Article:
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Google and Meta block news in Canada

Tech companies punish media for increased government regulation

A man in front of a Meta sign outside of the company's headquarters in Menlo Park, Calif. Associated Press/Photo by Jeff Chiu, File

Google and Meta block news in Canada

The Canadian government’s latest attempt to help out failing news outlets is having the opposite effect. Rather than comply with new regulations, Google, Facebook, and other major tech companies are cutting off Canadians’ access to locally produced online news.

“We’ve already seen Facebook and Instagram limit our posts, and Facebook was a pretty serious driver of traffic to us,” said Ezra Levant, the founder of Rebel News in Toronto. The independent conservative media company posts its video content on online platforms.

The crackdown on digital news follows the passage of the Online News Act in June by Canada’s governing Liberal Party. The law requires tech companies such as Google and Meta to pay certain Canadian news businesses for content that circulates on their platforms.

“It levels the playing field by putting the power of big tech in check and ensuring that even our smallest news business can benefit through this regime and receive fair compensation for their work,” Canadian Heritage Minister Pablo Rodriguez said in a statement.

Over the next year, the Canadian Radio-television and Telecommunications Commission will outline the specifics of how the law will roll out.

Shortly after the Online News Act passed, Big Tech companies retaliated. Meta and Google announced not only would they not comply but they would also block Canadian news from their platforms.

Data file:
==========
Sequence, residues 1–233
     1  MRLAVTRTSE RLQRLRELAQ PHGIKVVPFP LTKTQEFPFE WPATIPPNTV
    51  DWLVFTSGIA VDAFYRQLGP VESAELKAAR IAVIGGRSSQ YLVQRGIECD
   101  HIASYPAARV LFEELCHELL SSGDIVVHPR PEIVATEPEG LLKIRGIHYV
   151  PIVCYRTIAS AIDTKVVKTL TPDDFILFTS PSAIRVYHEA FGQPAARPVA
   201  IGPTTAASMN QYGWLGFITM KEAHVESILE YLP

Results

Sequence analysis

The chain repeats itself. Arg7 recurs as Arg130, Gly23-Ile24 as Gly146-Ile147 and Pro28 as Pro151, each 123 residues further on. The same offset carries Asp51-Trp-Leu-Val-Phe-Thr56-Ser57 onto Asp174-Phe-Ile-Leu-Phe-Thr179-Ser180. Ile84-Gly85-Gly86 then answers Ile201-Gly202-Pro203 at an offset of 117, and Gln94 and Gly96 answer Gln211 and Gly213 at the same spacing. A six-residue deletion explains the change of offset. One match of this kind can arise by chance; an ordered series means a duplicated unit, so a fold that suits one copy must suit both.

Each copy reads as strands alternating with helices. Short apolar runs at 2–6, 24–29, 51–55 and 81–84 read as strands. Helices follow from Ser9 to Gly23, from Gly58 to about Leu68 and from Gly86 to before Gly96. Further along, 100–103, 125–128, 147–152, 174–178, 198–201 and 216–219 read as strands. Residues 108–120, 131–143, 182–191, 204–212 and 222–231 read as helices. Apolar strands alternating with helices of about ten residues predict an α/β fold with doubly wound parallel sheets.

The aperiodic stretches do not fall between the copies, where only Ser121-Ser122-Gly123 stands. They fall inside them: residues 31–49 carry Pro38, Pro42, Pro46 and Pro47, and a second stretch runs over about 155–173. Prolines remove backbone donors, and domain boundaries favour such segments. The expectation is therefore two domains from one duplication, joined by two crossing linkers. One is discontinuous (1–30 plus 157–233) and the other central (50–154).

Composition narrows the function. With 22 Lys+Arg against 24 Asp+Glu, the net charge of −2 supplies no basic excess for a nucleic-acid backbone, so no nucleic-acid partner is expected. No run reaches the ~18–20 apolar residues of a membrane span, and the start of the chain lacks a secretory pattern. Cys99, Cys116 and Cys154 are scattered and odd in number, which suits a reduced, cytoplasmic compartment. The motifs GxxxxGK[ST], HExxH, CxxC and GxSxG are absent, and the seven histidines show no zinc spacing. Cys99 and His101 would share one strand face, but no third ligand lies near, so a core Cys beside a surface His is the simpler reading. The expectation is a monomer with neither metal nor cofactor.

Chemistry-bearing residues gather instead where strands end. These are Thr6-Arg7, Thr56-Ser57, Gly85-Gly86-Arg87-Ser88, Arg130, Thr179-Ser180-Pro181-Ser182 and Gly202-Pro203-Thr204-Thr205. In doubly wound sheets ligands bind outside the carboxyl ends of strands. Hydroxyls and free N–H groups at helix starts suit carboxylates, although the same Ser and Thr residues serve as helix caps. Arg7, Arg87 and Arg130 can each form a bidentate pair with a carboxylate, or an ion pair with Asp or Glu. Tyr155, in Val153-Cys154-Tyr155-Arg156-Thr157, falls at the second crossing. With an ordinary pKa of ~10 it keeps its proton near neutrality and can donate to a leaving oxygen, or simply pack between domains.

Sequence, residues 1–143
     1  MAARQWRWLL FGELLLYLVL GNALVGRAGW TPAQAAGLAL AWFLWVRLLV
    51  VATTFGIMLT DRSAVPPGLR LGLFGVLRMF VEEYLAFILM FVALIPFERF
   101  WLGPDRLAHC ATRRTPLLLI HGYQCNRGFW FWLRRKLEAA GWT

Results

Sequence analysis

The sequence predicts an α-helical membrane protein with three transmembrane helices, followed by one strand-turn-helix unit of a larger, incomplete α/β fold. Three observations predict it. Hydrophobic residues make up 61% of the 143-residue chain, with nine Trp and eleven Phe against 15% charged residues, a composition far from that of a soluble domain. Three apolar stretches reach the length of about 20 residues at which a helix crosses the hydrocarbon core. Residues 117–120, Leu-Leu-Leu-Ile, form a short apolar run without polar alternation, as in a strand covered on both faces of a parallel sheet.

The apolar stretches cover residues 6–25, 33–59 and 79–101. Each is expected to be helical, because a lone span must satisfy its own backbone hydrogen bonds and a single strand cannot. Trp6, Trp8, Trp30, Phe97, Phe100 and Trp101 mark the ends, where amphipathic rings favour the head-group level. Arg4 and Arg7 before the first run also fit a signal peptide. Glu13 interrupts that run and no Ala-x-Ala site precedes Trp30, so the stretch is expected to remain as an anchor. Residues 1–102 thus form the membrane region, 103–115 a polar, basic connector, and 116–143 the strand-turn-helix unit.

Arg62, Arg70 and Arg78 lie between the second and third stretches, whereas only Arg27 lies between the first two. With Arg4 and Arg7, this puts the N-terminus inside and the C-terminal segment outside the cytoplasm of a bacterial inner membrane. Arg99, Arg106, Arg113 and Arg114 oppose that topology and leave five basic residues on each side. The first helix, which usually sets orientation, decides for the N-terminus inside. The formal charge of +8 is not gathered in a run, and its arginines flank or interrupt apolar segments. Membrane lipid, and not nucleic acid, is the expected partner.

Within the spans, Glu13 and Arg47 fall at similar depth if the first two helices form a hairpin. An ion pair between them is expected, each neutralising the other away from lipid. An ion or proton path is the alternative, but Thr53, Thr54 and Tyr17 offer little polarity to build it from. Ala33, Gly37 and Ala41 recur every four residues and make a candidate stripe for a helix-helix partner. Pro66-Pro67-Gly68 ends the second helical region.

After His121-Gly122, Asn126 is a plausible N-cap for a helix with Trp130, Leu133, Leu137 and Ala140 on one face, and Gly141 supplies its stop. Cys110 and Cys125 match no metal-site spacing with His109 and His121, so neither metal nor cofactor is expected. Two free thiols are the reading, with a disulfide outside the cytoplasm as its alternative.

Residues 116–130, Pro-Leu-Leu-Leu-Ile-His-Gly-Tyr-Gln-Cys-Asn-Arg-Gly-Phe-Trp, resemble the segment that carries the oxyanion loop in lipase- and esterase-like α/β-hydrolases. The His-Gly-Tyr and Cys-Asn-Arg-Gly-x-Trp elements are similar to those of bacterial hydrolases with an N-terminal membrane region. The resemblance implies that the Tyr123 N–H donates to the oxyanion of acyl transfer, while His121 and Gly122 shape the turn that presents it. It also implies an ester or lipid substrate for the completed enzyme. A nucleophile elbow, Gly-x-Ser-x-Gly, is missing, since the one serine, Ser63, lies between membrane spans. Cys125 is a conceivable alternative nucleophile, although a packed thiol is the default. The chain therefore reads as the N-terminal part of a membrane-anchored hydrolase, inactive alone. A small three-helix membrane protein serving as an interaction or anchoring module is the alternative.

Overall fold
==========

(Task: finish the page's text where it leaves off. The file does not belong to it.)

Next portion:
Google said it would remove news links exclusively for Canadian publishers and readers from their search engines, Google News, and Google Discover. On Aug. 1, Meta announced that over the next few weeks it would remove Canadian news from Facebook and Instagram. Canadians will no longer have the ability to share or access news articles and various content posted by publishers and broadcasters, including those from international sources. As private entities, Meta and Google have no constitutional obligation to provide Canadians with news.

Since 2008, nearly 500 media outlets have closed in Canada, resulting in the displacement of over 20,000 journalists.

The Liberal government has tried for years to stabilize the country’s news business, pumping more than CA$595 million into its media bailout program. The program uses a combination of tax credits and subsidies to provide financial support to approved media outlets known as Qualified Canadian Journalism Organizations (QCJO). An outlet must also be a QCJO to benefit from the payments that the Online News Act requires of larger tech companies.

Due to recent changes to the Income Tax Act, the Canada Revenue Agency and its Journalism Advisory Board have the authority to determine which companies qualify as QCJOs. They do this by reviewing the content that the company publishes.

Sarah Miller is a civil litigator with JSS Barristers, a top legal firm in Calgary, Alberta. She warned that the Online News Act could lead to censorship and pro-government propaganda.

“To its full extent, there will be government-approved news media and non-government-approved news media. It does start to seem like a bit of a propaganda machine, right?” she said. “It’s like saying this is the approved narrative. That’s what you get to consume. That’s what we will make accessible for you.”

In April 2023, the government also passed the Online Streaming Act, giving the government the power to regulate online streaming services such as Netflix and YouTube the way it regulates radio and TV broadcasts. The bill compels streaming platforms to boost Canadian-made content like films, TV shows, music, and music videos.

Rebel News is not a QCJO and doesn’t take on government funding. In 2021, YouTube barred it from receiving advertising revenue because the outlet did not follow the community guidelines in covering transgender issues.

“We have been downranked by Google, YouTube, and Facebook for political reasons, and we’ve always managed to survive. So, we’ll survive this too,” said Levant, the founder of Rebel News. “It’s interesting watching the legacy media try to survive because they’ve never had a tough day in their lives. They’ve always been bailed out by the government.”

Alexandra Ellison

Alexandra Ellison is a graduate of World Journalism Institute.


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